Sunday, June 10, 2007

How to photograph at night

Your first thought in all night photography in particular should always be of your own safety and welfare. Many city areas in particular can be hazardous at night, particularly if you are alone and carrying valuable camera equipment. Isolated areas also have their dangers and you should ensure you have suitable equipment and supplies. If possible always work in a group of at least two people. If you don't know the area you are going to, make sure you ask for advice from those who do.

Dubai Marina

Working at night will also mean standing around for a long time in low temperatures and you need to dress with this in mind. A flask containing hot drink can be almost as important as film! Batteries often lose power very quickly in cold conditions - you should always take spares for all equipment.

Desert Camp in Dubai

The best camera to use for most night work is a simple 35mm camera with manual exposure settings, preferably an SLR and DSLR. Automatic-only cameras are seldom much use; if you have the latest model which does everything for you it would probably be worth looking for a cheap second-hand body or camera. Exposure meters, built in or hand held, are seldom sensitive enough to be of much help, and even if you can get a reading it is unlikely to give satisfactory results without a great deal of adjustment.


A sturdy tripod is really an essential, although good pictures can be made taking advantage of walls or rocks etc on which you can place your camera. You will also need a cable release which has a lock on it to hold the shutter open.


Medium speed or slow film is often the best to use - even a fast film will need long exposures on a tripod, and you may as well use even longer exposures and get the extra quality a slower film provides.


Films differ in their responses to long exposures, but all suffer from an effect known as reciprocity failure. The Law of Reciprocity in photography is what allows us to make use of the idea of film speed; basically it says that exposure depends only on the total amount of light hitting the film and that it is immaterial if this is delivered in a short exposure at wide aperture - such as 1/1000 at f2 - or a longer exposure at a smaller aperture - such as 1/60 at f8. For most films this can be relied on when exposures are between perhaps ¼ and 1/1000 seconds, but outside this range it will start to break down.


With black and white films, this simply means that a longer exposure will be required at low light levels than would otherwise be the case; with colour film it also results in shifts in colour as the different emulsion layers have different reciprocity characteristics. These will differ from emulsion to emulsion, but there are often fairly clear trends by manufacturer. Some night photographers prefer Fuji emulsions (finding they tend to give cooler results as exposure increases) to Kodak (which they say get warmer) but it is a matter of personal choice. Some films are definitely less affected than others.


If you want to use colour, transparency film is generally a better choice as the reciprocity failure in negative films causes problems for most laboratories in making prints, and results are unlikely to be satisfactory. Most films are made to give proper colours in normal daylight, although a few are produced for use with studio tungsten lighting. These will normally give better results when taking pictures using street lighting, but for moonlight it is more a matter of personal preference that you will need to find by experiment. I suggest you start by using your normal favourite film.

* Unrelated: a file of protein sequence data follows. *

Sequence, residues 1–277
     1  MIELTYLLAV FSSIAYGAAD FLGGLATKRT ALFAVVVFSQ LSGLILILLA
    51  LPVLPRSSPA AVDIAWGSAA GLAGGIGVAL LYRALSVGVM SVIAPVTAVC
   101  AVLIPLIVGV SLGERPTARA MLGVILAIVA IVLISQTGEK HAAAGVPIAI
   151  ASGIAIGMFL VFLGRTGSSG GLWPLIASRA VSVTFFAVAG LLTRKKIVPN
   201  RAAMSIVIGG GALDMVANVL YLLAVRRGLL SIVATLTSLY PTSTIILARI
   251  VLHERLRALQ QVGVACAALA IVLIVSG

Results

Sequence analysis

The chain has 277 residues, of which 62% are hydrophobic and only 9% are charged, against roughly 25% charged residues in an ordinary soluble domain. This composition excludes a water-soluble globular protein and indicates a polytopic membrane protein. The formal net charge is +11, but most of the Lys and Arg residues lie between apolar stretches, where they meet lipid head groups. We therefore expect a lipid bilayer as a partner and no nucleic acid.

Unless you work within a few days either side of the full moon, exposures may extend into hours rather than minutes. Many photographers supplement the moon light by using a number of flashes from a hand held flash unit, a technique known as 'painting with light'. You can also use movie lights or powerful torches. When these are used through coloured gels you can get some vivid colour effects - which you may or may not find to your taste. Avoid directing these light sources towards the camera.



One feature that you will get with long exposures is star trails making arcs across the sky; if these offend you then you will have to avoid having the sky in your pictures (or resort to digital manipulation of your results.) You'll also get light streaks from other moving light source - cars, planes, which you can make use of or attempt to avoid. When taking pictures by roads you may need to hold something in front of the lens if car lights would otherwise shine directly into it at times during the exposure.


BOOKS Recomended

Bill Brandt, Behind the CameraBrandt, BillSuperb analysis of Brandt's work, well illustrated Paperback


Naked City, Quality Paperbacks SeriesWeegee, Arthur F. The classic work from Weegee - brash and direct portrait of New York. Paperback


Weegee, Masters of Photography SerTalmey, AlleneOverall view of Weegee's photography with well-chosen examples of his work. Hardcover


Capturing the Night With Your CameraCarucci, JohnSubtitled 'How to Take Great Photographs After Dark' Paperback


Night & Low-Light Photography: A Complete GuideGibbons, Bob / Wilson, PeterAnother good guide to the subject Paperback


1 comment:

OFW LIFE Lestat_m said...

lovely images... buddy..
i wish I could be as good photographer as you.. :) :)...

keep it coming..

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